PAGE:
Data, AI & Society

What do we mean by data for development?

Without addressing the significant epistemological and ideological challenges associated with the concept of development, over the last five years, Research ICT Africa’s work has shifted from examining the effects of digitalisation on economy and society to the policy and governance challenges of ‘datafication’ for developing countries.

The initial effects of digital mobile technologies brought basic voice communications to billions of people across the Global South. Although access and use were highly uneven, it was only once broadband was introduced and the shift from voice to data services took place that the digital inequality paradox became truly evident as a wicked policy problem. Arguably, the biggest planetary policy challenge after climate-change, this refers to the fact that as we inevitably connect more people, digital inequality increases.

From a policy perspective, it is not a new problem and has been referred to for years as the digital divide in the context of voice services. However, In a data environment, unlike in voice, this is the case regardless of whether people are online or not. Inequality also exists between those barely connected, i.e., those going online for a few minutes to passively consume services with small data bundles they can barely afford, and those people able to optimise their use of the Internet to improve their wellbeing. Those able to do so can reduce the transaction costs associated with consumption of goods and services; or even deploy digital technologies online for productive purposes. In sufficient numbers, active consumers and productive users contribute to the prosperity of nations, compounding the uneven development of nations and indeed globalisation.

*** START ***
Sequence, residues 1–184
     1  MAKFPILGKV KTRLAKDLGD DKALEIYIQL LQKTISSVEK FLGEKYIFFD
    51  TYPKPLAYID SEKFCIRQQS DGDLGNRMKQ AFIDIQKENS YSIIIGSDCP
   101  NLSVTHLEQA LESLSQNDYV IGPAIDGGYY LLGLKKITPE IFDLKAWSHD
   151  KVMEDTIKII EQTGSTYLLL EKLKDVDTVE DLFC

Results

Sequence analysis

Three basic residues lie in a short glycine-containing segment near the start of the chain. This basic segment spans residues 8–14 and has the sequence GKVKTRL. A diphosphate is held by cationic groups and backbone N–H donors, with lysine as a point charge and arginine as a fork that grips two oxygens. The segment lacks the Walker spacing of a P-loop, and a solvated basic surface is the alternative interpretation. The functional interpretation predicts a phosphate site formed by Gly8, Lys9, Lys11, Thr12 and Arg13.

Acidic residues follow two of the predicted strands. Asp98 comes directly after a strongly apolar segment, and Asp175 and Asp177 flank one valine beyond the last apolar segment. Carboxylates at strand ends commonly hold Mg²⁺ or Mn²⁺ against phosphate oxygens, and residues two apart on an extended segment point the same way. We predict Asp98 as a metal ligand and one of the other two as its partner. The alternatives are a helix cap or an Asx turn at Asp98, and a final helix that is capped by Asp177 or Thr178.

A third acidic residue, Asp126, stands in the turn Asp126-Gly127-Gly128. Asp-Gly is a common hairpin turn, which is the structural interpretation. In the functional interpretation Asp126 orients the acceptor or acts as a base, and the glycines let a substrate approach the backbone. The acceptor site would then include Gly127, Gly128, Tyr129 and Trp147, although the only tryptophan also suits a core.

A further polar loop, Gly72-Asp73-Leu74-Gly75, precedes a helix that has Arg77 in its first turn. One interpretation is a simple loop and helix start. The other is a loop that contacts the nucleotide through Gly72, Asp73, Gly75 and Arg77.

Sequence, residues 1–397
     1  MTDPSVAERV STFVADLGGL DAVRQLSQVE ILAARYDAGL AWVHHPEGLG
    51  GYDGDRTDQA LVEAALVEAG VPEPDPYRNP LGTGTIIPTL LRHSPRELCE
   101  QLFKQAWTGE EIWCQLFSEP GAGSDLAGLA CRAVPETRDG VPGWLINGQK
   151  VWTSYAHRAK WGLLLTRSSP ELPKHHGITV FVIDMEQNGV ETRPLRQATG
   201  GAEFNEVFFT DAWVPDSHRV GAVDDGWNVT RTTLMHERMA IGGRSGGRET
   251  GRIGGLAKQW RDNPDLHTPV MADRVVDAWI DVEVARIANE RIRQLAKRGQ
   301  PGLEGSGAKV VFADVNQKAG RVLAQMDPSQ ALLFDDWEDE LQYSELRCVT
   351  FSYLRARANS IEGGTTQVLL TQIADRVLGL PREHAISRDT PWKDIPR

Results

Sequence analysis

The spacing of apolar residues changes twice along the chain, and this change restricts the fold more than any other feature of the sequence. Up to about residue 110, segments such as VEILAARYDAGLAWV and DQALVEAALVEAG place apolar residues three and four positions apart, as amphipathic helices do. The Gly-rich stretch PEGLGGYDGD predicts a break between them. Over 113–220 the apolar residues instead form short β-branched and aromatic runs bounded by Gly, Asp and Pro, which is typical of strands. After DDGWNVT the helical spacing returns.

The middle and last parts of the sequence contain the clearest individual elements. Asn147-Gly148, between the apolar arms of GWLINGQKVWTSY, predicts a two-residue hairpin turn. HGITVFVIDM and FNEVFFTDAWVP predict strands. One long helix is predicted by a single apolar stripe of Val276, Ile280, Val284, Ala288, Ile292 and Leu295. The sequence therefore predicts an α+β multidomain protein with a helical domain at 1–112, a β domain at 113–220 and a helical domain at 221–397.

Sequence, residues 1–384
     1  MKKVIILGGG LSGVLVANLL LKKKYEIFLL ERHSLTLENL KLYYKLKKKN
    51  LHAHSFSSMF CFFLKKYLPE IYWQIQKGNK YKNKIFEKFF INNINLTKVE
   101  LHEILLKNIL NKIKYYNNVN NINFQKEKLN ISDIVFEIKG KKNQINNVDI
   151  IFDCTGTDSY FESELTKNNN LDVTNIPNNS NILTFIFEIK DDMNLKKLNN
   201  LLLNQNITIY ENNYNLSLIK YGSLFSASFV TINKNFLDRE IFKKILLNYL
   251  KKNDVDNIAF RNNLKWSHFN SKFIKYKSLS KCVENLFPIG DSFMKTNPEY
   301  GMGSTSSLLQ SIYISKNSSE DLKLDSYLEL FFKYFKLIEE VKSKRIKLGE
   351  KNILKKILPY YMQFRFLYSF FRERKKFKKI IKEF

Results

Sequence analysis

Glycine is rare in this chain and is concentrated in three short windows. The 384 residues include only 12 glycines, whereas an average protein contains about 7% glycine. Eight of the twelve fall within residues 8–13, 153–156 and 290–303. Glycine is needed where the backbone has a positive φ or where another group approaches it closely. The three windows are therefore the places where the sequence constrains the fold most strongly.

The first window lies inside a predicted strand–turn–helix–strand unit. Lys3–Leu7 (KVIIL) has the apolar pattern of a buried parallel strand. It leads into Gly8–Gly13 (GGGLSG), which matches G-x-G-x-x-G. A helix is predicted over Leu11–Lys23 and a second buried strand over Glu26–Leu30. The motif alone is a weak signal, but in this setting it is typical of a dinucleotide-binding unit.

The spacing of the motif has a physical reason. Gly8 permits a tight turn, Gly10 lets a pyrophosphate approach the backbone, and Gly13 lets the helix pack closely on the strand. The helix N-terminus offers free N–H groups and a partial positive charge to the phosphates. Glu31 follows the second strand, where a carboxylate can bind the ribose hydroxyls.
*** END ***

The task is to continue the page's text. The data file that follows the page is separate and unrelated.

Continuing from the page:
From the modelling of the nationally representative demand-side 2018 After Access surveys of 20 countries in the Global South, we know that factors behind the intersectional nature of digital inequality are education and the associated factor of income. Digital disparities in gender, for example, broadly reflect the fact that women are concentrated amongst the most marginalised – poor, rural, unemeployed. Countries with higher GDP per capita (higher levels of education and formal employement) tend to have digital gender parity. From the demand side, redressing these challenges in a data environment then represents a classical human development challenge – one not simply addressed by ‘connecting the last billion’, though this is a precondition for development.

Unless concerted efforts to readdress them are made from a political economy perspective, the overlaying of processes and technologies of datafication on unevenly evolving processes of digitalisation – particularly as it occurs through global corporations and private monopoly digital platforms – are likely to amplify underlying structural inequalities.

We argue that this will require reframing policy and governance to deal with the global nature of digitalisation and datafication, if we are seeking public interest outcomes.


How can data be governed as a public good?